Because of λ’s exponential role in equations **1** and **2**, accurate estimates for λ are
far more important than those for *K*, and we shall
therefore focus on the estimation of λ. A key question
for applying the island method effectively is how to choose an appropriate
threshold parameter *c* for use in equation **4**.

While we believe that the qualitative features presented here are
truly independent of the scoring system used, we will illustrate
below the issues involved in choosing *c* using a specific
example. To obtain extremely accurate parameter estimates for this
case study, we performed a massive random simulation for a particular
local alignment scoring system. Specifically, we used a set of standard
amino acid frequencies for proteins (26)
to generate over 92 000 pairs of length-7000 ‘random amino
acid sequences’. We compared each pair using the BLOSUM-62
amino acid substitution matrix (27),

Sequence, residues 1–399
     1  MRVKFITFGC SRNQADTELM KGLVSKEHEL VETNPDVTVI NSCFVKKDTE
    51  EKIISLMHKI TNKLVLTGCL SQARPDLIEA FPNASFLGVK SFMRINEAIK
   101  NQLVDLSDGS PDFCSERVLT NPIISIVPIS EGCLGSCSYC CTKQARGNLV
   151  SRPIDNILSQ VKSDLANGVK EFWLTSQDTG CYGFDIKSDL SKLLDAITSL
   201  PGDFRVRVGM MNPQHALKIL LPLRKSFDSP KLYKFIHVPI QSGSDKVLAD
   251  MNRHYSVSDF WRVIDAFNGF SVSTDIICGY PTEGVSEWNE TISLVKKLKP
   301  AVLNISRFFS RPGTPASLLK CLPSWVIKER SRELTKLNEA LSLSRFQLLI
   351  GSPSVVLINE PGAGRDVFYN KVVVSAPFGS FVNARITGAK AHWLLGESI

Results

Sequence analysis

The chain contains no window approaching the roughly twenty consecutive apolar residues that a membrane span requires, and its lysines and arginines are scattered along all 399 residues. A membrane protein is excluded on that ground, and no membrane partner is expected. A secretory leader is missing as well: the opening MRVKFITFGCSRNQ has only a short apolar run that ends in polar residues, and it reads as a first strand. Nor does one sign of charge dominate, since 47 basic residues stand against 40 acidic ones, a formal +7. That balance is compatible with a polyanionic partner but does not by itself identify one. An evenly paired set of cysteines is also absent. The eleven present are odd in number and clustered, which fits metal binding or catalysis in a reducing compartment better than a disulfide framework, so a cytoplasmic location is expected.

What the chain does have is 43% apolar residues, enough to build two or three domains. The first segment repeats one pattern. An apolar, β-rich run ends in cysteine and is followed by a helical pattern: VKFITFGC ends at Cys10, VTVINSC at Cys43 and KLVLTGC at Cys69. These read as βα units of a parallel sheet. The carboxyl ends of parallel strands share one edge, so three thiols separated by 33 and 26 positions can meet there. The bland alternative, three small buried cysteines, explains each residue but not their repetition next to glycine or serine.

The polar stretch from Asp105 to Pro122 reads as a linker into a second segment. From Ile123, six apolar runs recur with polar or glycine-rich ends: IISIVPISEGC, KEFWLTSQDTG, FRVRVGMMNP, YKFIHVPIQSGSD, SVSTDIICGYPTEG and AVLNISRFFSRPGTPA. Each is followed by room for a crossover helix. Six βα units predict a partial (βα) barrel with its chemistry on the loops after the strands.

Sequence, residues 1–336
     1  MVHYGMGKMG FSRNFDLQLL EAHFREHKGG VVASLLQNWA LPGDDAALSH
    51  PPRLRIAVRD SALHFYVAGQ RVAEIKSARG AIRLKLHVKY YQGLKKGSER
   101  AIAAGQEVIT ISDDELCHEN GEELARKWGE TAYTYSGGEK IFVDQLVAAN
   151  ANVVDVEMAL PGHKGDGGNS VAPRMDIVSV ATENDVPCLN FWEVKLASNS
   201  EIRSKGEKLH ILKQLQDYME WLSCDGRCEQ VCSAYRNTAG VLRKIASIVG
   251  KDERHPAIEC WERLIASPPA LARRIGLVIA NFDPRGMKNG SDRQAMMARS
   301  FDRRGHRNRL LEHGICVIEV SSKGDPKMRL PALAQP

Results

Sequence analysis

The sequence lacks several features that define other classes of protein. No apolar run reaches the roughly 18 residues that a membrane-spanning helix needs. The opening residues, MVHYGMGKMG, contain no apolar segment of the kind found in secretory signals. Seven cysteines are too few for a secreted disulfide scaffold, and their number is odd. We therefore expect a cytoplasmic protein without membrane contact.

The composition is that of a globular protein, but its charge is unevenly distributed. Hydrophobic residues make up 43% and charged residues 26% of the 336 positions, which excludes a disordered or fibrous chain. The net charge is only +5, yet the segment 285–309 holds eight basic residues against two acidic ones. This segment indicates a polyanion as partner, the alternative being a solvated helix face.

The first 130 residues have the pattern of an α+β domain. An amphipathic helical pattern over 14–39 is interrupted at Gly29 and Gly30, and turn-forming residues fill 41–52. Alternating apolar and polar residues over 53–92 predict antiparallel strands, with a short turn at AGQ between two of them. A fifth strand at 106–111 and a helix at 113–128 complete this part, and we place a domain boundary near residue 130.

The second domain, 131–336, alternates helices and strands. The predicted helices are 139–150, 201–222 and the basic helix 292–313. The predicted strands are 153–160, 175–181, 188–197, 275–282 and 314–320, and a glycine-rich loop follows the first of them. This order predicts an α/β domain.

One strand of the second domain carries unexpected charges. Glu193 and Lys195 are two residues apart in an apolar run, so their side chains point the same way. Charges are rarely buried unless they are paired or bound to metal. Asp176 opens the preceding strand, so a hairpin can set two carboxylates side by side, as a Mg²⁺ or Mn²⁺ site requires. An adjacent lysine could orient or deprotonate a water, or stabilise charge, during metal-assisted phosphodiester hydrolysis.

in conjunction with affine gap scores (28–31) of –(11 + *k*)
for gaps of length *k*. To suppress edge effects,
scores were tabulated only for islands anchored within the central
5000 × 5000 square of each pairwise
comparison; approximately 10^{12} total island scores were
recorded. Using equations **3**–**6**,
estimates of λ and *K* were obtained from
these data for a range of cutoff scores *c*; the
results are summarized in Table Table11 and
the values of

are plotted in Figure Figure33.

*c*. Standard errors for the estimates are shown with error bars. The plotted horizontal line indicates the best estimate of the asymptotic λ. Details of the simulation are given

**...**

While the estimates

of
Table Table11 should be essentially free of
edge-effect bias, there is another systematic and easily understood
bias (12) evident for small values
of *c*. Optimal local alignments with low score are
unlikely to contain a gap, as will be discussed further below, and
for low thresholds

is therefore biased towards the higher λ applicable to local alignments that exclude gaps. In this example,

falls monotonically for *c* ≥ 20, until it reaches the
value 0.2670 at *c* = 37; thereafter,

appears
to fluctuate randomly about this value. Of course a yet larger simulation,
yielding smaller stochastic errors, might detect systematic bias